to infinity and beyond

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I’ve always been highly sceptical wrt any actual ‘real-life’ benefits from our hugely costly and distracting forays into deepest, darkest space. To my marginally unambitious and down-to-Earth mind my default position is to consider the here-and-now problems we have in the world and think of the benefit that could be done in diverting the space budget to those needy causes. But here’s one that could show me as the unadventurous luddite I truly am and, in one fail swoop, solve all our energy issues forever: could space-based solar power (SBSP) be the answer to our ongoing and long-term energy problems?

Sounding like an idea straight out of science fiction – Isaac Asimov described such a technology in his 1941 novel Reason – Nicola Tesla showed that electricity could be transmitted wirelessly via high frequency electro-magnetic radio waves as far back as 1890 and, in 1975, NASA successfully transmitted 34 KWs of leccy power a distance of 1.5km, so the idea has been around for some considerable time. In short, the theory behind SBSP is that a vast satellite would generate power via thousands of photovoltaic panels pointed at the sun. Think of today’s solar panels on your neighbour’s roof and you ain’t a million miles away. This would then be sent to Earth using radio waves before being collected by an equally massive field of ellipse-shaped, low fence-resembling, radio antennae, converted into power and distributed into our existing grid. Simples.

Permanently facing the Sun and remaining in a fixed position relative to the Earth, the potential is obvious and unlimited. Our own government recently described it as technically feasible and both the US and Japan have detailed projects in development. Earlier this year, the then-Minister for Science, George Freeman, declared that SBSP was being “taken seriously”. China reportedly aims to launch its first SBSP station by 2035 and has already started construction of its receiver in the city of Chongqing.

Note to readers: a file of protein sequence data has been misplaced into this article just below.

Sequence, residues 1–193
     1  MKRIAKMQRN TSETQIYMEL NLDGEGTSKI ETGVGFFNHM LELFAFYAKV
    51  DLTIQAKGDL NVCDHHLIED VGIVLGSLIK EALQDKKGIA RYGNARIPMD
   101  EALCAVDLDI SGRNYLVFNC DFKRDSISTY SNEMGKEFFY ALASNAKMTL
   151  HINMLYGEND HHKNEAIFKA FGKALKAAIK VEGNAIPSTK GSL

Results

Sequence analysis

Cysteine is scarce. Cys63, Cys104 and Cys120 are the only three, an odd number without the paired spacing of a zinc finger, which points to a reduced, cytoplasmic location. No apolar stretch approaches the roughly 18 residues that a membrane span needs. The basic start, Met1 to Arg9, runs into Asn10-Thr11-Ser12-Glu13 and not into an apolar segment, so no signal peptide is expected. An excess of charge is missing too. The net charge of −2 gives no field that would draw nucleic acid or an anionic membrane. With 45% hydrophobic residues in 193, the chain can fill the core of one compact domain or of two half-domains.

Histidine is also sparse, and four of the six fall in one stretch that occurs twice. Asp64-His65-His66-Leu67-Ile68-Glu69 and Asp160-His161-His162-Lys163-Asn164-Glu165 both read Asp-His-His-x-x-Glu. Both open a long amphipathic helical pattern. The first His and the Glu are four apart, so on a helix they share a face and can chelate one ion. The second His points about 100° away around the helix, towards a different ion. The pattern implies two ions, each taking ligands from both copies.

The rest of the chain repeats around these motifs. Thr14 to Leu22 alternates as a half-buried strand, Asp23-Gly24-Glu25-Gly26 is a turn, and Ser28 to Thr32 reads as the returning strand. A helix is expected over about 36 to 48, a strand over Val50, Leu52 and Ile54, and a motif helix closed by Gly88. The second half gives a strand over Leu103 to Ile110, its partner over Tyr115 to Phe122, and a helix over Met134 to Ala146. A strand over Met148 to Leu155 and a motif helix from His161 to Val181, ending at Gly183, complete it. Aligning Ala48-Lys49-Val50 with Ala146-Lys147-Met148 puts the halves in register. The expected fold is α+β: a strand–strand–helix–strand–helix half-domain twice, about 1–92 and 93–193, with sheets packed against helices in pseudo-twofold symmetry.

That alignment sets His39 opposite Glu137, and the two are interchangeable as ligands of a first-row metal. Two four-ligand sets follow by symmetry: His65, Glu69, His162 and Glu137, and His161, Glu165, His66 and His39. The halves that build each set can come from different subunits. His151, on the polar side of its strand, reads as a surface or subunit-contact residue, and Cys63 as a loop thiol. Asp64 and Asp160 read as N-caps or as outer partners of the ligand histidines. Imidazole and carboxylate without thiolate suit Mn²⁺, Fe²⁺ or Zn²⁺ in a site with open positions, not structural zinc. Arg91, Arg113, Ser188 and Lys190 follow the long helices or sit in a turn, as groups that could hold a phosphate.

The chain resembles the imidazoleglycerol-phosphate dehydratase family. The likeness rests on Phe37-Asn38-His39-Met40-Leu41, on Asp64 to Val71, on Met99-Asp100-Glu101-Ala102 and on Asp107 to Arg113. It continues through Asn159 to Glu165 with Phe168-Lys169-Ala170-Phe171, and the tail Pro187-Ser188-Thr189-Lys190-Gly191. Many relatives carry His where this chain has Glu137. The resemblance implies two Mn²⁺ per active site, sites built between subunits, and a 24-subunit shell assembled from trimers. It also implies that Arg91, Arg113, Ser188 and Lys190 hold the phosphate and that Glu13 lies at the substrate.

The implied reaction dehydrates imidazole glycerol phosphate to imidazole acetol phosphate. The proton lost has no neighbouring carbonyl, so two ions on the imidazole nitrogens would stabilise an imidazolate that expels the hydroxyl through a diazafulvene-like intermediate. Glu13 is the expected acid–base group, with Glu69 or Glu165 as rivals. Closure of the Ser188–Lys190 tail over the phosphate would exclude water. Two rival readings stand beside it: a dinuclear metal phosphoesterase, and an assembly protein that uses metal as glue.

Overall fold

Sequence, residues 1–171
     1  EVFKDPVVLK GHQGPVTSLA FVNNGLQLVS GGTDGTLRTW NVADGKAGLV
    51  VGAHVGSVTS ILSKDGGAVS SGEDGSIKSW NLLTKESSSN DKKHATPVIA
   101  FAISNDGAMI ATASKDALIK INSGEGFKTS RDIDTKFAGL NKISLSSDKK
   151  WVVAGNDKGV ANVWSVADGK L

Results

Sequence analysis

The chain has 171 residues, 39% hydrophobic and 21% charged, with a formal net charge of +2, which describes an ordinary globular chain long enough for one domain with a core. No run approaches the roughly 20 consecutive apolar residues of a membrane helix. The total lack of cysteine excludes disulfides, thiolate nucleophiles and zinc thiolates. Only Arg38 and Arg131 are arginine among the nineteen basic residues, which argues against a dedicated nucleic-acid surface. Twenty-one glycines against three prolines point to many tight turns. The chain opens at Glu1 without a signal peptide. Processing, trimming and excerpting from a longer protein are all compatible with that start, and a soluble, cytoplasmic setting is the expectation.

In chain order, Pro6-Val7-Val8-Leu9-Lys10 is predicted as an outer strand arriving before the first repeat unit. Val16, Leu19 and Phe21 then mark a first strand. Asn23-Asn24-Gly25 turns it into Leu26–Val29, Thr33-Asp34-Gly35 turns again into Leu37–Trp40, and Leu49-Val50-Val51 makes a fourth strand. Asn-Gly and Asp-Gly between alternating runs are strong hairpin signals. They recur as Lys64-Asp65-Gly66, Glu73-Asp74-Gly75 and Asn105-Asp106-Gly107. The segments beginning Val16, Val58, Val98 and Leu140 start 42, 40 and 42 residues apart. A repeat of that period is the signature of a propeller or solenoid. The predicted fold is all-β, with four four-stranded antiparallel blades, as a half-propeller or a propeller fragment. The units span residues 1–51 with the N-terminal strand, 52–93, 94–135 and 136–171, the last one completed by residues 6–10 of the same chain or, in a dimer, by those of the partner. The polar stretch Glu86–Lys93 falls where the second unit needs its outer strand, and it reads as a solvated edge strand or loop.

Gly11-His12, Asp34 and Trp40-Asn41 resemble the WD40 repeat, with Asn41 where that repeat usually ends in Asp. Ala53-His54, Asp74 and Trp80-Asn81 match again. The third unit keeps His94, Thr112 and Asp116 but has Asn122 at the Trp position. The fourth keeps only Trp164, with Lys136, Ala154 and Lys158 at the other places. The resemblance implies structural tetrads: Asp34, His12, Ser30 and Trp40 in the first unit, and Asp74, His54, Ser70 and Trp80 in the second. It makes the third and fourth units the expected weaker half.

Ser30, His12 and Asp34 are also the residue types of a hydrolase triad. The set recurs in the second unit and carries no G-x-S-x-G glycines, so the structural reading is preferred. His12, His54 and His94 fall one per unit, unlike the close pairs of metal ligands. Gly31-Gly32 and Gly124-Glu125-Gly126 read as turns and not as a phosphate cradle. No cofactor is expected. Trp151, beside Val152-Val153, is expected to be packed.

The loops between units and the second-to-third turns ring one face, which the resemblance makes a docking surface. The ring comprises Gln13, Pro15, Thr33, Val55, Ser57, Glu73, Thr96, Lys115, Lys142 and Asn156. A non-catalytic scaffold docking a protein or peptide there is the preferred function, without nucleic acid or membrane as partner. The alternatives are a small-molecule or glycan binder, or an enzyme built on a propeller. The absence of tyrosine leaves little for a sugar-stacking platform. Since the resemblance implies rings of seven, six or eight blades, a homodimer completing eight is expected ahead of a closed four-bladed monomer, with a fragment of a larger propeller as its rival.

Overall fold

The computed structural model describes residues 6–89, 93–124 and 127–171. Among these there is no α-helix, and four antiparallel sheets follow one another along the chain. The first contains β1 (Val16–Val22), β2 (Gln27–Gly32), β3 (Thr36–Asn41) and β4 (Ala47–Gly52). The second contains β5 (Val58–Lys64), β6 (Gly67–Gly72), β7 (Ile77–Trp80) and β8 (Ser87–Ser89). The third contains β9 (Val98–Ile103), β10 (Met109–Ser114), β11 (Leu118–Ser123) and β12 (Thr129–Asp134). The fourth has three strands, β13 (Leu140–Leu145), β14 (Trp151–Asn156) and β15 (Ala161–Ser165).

Current prototype designs envisage sending at least one gigawatt of power to Earth, enough to power 750,000 homes and is directly comparable to the output of a modern nuclear power station. Furthermore, engineering consultancy Frazer-Nash estimates that launching an operational solar satellite could cost in the region of £16bn – significantly less than the £23bn expense of the planned Hinkley Point C nuclear power station. That alone makes me sit-up and take notice.

Needless to say not everyone’s convinced and Spaceman Musk describes it as “the stupidest thing ever”. The tech remains untested at scale and former NASA scientist and leading SBSP expert, a John Mankins, admits that it would require at least one gigawatt of energy to actually transport that amount of energy, meaning the satellites need to accommodate far greater loads before becoming commercially feasible. Furthermore, due to the expansion of microwaves spreading out as they travel, the receivers are envisaged as being up to eight miles in length and four miles wide. Mind, although large, this area remains less than the London Array offshore wind farm and, when the lights start going out in future years, even the NIMBYs of Tunbridge Wells could be on-board.

Well I never did. Jules Verne’s time-travelling machine may be my next point of conversion and to the year 802,701 here I come…